The workshop was an opportunity for people to share best practice and learning from each other’s experiences of implementing the Accessible Information Standard (AIS) and supporting individuals with communication needs.
We were delighted with the attendance, with representatives from 21 local organisations choosing to get involved. Presentations were given by Avon and Wiltshire Mental Health Partnership NHS Trust, Bristol Community Health and RUH Bath.
Each presentation touched on the work that each organisations have been doing, what has been a challenge and how they are working to overcome it, and future plans to continue compliance with the Standard.
Examples included setting up AIS steering groups, recording and flagging clients’ needs, offering Deaf awareness training, putting up signage in large print and using colours that are appropriate for patients with additional accessibility needs.
Following the presentations attendees had an opportunity to take part in small group discussion, the purpose of which was to encourage other organisations to share what they have been doing and to inspire fresh ideas to come to the fore – one of which was to set up an AIS alliance. There was a focus on knowledge and information sharing, vital in times of funding cuts and stretched resources, as well as joint working.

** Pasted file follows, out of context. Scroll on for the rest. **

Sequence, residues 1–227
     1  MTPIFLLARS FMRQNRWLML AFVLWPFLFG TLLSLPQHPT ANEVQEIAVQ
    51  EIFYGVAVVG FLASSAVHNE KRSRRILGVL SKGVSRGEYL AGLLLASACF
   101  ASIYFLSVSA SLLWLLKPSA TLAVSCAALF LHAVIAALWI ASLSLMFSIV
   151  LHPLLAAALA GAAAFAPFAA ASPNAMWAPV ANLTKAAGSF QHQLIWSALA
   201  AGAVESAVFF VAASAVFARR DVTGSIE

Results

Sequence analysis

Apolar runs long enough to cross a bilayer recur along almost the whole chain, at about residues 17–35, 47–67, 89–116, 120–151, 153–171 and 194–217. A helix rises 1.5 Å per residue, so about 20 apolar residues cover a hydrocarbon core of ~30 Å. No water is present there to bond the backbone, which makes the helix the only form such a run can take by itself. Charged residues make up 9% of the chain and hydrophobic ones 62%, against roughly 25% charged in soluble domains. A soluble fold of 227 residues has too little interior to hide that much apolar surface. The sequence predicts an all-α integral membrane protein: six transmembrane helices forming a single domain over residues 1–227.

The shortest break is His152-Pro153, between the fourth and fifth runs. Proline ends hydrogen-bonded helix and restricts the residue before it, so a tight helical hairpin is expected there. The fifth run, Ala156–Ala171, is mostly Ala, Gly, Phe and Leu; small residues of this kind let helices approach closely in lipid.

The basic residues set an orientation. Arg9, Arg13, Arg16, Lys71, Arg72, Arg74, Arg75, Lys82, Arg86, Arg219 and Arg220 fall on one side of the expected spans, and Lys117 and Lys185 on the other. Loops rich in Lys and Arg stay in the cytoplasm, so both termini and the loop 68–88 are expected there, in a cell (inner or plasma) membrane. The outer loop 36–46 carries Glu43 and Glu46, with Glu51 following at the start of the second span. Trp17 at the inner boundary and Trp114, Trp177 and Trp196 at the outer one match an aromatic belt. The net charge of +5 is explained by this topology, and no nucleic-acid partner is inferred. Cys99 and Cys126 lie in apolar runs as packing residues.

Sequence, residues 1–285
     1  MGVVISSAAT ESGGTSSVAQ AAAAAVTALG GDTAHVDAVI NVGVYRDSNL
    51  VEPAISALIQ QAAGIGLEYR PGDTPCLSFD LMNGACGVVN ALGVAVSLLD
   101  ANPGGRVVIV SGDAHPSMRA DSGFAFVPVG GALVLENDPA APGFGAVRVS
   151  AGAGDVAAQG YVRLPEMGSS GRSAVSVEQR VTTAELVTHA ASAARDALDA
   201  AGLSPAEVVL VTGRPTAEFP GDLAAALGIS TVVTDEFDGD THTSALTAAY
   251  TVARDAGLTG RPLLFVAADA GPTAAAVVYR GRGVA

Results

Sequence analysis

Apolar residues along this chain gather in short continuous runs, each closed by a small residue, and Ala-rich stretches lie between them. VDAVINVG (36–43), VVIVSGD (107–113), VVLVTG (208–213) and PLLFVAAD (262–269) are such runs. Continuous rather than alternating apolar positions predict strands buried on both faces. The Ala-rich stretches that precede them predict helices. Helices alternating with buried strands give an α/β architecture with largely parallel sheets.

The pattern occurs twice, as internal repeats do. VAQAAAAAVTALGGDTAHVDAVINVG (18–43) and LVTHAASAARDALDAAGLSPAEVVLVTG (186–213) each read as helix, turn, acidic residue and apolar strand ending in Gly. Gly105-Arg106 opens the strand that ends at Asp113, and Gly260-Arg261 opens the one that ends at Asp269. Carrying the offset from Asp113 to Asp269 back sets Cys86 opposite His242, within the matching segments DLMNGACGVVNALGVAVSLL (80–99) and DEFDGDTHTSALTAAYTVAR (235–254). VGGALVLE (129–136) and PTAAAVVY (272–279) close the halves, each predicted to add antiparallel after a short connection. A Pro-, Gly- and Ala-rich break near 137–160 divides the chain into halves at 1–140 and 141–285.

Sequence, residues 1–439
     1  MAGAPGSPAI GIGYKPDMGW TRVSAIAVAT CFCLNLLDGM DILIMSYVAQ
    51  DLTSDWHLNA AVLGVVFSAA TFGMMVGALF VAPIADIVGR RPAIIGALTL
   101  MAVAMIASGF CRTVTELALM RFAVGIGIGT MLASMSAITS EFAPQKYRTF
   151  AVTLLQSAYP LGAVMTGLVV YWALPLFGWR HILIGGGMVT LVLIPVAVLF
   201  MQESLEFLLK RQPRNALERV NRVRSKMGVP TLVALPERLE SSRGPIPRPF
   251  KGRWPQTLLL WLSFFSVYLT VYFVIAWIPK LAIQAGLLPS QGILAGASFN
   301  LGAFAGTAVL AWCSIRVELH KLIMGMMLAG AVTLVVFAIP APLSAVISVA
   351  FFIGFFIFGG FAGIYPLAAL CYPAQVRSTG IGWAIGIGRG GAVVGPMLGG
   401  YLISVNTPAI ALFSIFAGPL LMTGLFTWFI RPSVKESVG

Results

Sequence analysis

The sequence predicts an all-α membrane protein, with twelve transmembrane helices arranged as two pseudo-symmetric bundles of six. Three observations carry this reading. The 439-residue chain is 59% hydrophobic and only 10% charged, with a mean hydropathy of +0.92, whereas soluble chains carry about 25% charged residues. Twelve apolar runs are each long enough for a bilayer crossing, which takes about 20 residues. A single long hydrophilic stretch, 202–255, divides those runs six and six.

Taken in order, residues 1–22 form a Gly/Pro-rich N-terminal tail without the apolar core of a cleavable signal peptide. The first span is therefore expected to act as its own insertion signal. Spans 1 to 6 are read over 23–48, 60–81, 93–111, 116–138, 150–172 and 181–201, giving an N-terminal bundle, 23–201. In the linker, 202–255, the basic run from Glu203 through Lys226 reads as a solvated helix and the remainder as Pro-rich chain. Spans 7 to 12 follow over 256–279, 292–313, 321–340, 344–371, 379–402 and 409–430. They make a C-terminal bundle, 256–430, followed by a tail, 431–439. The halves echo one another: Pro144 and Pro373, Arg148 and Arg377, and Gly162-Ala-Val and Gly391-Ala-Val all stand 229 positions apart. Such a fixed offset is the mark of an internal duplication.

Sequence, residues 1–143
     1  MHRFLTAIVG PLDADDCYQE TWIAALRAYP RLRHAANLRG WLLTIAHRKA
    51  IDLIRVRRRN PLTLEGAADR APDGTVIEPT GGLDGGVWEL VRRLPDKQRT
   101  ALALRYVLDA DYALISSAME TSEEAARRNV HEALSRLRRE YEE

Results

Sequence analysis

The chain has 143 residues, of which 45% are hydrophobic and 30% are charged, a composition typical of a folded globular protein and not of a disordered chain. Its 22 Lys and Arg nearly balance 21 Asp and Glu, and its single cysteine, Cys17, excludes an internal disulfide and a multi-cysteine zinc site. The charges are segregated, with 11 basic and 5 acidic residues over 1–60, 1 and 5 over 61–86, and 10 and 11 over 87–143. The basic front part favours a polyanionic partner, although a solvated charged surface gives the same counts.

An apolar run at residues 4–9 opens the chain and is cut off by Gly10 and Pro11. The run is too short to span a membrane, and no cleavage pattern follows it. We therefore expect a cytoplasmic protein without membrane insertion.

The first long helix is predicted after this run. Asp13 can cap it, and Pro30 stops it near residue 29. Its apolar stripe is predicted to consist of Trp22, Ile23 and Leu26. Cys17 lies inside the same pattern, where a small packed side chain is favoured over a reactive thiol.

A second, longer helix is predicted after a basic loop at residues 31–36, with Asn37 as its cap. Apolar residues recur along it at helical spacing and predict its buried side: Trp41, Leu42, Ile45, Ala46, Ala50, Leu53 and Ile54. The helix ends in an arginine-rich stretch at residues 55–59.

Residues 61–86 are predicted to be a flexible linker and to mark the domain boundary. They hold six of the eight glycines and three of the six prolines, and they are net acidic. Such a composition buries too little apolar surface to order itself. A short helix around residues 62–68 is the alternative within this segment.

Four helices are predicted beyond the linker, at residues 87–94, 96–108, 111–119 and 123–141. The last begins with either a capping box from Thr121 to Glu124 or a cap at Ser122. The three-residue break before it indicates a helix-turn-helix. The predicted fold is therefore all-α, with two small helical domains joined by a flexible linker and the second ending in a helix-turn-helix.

Attendees also felt that it was important that the people the AIS is aimed at helping are involved in discussions about how to make information accessible, and that we cannot and should not make assumptions about an individual with a disability.
What also became clear through this and research carried out by us and Healthwatch South Gloucestershire via a survey in 2017, is that there remains a lack of knowledge among the public and health and social care staff about the AIS, which means that people may not be receiving all of the support that they require or are entitled to.
There is still a lot of work to be done across organisations to ensure that patients are getting information in a way that they need and understand, and more awareness raising is required too.
We were delighted with the level of interest in the workshop, and the enthusiasm that was evident on the day. There is an overwhelming drive and appetite from organisations to implement the AIS and ensure that disabled patients’ needs are being met.
We have started the conversation and will now work with partners to help local providers to continue sharing ideas and best practice.
We hope that this work will result in a real improvement in the support that is available for patients with communication needs through local health and social care services.
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